Q&A: Jay Farrar Remembers Uncle Tupelo
On January 28, Legacy Recordings will reissue Uncle Tupelo’s landmark 1990 debut No Depression as a double-disc set, featuring unearthed demos and live material. We caught up with Uncle Tupelo’s Jay Farrar recently to discuss the album’s rich history. Read our feature story on Uncle Tupelo from the January/February Legends issue here.
What was it like in Belleville in the late 1980s?
Belleville’s where we were growing up, getting our start, playing in bars. St. Louis has always represented the gateway to the rest of the world. We were late teens and early twenties around the time these recordings were made. Belleville was a relatively economically depressed area, and it was also a relatively small town. I think its population was around 40,000. There weren’t that many high-profile businesses in Belleville, but there was one, the Stag Beer Factory, which closed down during that time period—or shortly before. I think it was mid ‘80s. It’s interesting to see how pervasive the references to the small-town lifestyle are in these songs.
Mike Heidorn mentioned that he used to drive by the factory on the way to the band’s rehearsal space.
I used to work at a bookstore that directly faced it across Main Street. I remember when it was being torn down. We lived on the other side of the tracks, so to speak, there in Belleville.
Belleville seems to have informed the album tremendously, from the industrial sound of the guitars to the character-driven songwriting.
There’s definitely a sense of place. Another thing that is remarkable to me is how intertwined the music and bar culture were. That’s where we played the music, was in bars, and so much of the lyrical content reflects that. The overriding aspect of the lyrics is that so many references to moving on—seeing the rest of the world outside of Belleville.
Alcoholism is a recurring theme on several of these songs, most notably “Whiskey Bottle.” It sounds like these people were turning to alcohol in response to Belleville’s economic downturn.
Some of the lyrical content reflects that. We were seeing it in bars a lot. We started writing songs when we were about twenty years old, and then you hit twenty-one and all of a sudden you’re exposed to a different world and a different culture. Bar culture. It’s both a problem and a solution, and it’s something our society is still trying to figure out.
What do you hear when you listen to these tracks, which trace a pretty dramatic development within the band from its earliest recordings to its first album?
I can hear that we had become more experience and had played more shows. We had essentially learned to emphasize more sonic space between the staccato bursts that we were throwing down. I can hear that. I think another thing I hear is how influential other three-piece bands were, in particular the Meat Puppets. I hear some Dinosaur Jr, some fIREHOSE, and some Minutemen, but it’s all cross-pollination. We were listening to Sonic Youth, and that may explain some of what you’re hearing.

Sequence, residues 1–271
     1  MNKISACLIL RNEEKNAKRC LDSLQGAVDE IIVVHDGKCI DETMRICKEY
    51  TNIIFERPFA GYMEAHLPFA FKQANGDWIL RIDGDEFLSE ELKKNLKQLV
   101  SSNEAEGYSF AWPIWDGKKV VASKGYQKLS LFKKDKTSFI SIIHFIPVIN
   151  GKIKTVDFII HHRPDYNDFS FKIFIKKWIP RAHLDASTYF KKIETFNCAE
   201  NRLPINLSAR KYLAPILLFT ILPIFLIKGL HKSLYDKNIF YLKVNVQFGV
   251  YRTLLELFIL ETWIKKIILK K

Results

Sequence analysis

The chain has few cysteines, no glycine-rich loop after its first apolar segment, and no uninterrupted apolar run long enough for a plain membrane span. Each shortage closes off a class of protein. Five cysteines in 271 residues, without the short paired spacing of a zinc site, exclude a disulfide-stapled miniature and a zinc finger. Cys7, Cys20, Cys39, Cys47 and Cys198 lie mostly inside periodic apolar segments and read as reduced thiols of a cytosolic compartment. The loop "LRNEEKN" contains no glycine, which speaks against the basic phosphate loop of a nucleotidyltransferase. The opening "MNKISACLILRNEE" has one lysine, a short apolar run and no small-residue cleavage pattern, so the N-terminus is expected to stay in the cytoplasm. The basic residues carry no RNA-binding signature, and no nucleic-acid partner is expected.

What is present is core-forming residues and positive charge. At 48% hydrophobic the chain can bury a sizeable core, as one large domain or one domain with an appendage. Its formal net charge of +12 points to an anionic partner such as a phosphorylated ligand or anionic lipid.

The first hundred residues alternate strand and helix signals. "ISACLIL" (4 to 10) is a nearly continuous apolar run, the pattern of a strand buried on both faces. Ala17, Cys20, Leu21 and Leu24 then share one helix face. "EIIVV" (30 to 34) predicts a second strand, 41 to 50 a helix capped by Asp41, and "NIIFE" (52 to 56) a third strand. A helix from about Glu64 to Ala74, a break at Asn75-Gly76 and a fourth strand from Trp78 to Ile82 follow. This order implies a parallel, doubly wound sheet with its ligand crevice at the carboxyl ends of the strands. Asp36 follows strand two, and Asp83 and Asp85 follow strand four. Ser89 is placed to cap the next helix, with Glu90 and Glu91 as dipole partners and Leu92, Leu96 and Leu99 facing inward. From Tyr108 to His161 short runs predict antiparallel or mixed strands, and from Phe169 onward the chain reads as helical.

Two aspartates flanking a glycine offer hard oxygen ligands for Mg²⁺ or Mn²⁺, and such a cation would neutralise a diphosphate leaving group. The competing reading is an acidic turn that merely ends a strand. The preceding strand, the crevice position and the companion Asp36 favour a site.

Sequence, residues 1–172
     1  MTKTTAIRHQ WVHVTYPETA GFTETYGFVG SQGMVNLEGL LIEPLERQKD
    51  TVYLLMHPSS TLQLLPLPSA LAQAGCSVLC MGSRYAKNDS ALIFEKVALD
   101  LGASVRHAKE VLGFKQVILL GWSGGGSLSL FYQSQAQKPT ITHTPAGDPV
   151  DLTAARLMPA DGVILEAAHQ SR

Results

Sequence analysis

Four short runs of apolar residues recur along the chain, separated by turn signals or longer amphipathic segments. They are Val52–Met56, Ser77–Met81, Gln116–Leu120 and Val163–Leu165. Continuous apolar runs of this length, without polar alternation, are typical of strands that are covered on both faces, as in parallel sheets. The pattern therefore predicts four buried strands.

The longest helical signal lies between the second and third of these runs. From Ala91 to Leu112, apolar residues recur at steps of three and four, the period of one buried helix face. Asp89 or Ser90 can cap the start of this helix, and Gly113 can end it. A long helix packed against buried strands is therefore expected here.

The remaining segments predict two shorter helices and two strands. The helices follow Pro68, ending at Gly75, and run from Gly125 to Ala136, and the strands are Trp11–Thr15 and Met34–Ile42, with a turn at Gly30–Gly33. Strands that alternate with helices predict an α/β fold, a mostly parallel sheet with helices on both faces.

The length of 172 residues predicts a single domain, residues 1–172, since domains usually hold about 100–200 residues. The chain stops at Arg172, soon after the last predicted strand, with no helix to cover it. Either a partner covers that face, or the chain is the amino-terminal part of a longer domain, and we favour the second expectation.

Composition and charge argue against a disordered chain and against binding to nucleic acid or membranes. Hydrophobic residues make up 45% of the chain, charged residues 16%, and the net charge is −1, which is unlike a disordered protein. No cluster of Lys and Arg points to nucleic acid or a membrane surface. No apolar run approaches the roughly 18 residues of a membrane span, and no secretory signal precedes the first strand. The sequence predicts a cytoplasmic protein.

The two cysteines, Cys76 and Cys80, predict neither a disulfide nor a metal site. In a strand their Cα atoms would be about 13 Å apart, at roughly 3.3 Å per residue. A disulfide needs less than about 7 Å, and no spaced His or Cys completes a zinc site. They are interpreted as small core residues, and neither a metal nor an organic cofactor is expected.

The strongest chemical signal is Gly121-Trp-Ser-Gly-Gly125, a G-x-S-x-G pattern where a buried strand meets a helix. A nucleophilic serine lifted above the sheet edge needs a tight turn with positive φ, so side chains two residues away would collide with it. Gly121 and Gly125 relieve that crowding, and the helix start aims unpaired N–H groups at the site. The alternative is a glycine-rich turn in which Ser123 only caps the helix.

So you were aware even then of the limitations of the power trio line-up as well as the possibilities?
I think it’s just what we knew. That’s what we could identify with, is another three-piece. There were limitations, but I think the studio helped to expand the sound a little bit. Gradually we started playing live more and accentuating a more visceral approach.
Everyone I’ve talked to about this album has mentioned a completely different set of bands as foundational influences for Uncle Tupelo. It makes me think the alt-country label is incredibly limiting.
Perhaps. [Country] was only part of what we were listening to. We tried to stake a musical claim that shaped the band, and we put everything we listened to in a blender and came up with music to call our own.
Can you talk about the title track, which is the only cover on the album? Where did you first hear that song, and why did you want to record it?
I first heard it on an old folk compilation that I dug out of my mom’s record collection. I think that version was by the New Lost City Ramblers. It just seemed like the sentiment of the song seemed to fit our surroundings. Aesthetically, it just seemed to fit. It was the type of song that Woody Guthrie could play.
It sounds topical even today. In fact, the entire album still sounds very timely even twenty years later.
That’s something I learned later on from Woody Guthrie. He talks about how people pay more attention if you sing about topical issues. I guess that was what we were trying to do, in our own way. We were trying to encapsulate what we were seeing around us and put it into music.
How have these songs changed for you since you recorded them? Do they reveal new meanings to you as you get older and further from that time and place?
They’re more like sonic snapshots. I don’t revisit them that often, the same way that I don’t revisit old photographs of myself in the past. It’s definitely interesting to take a trip down memory lane and look at these demos from a developmental perspective. It’s interesting to see how we were changing as a band and expanding in ways that I can see it now but couldn’t understand at the time.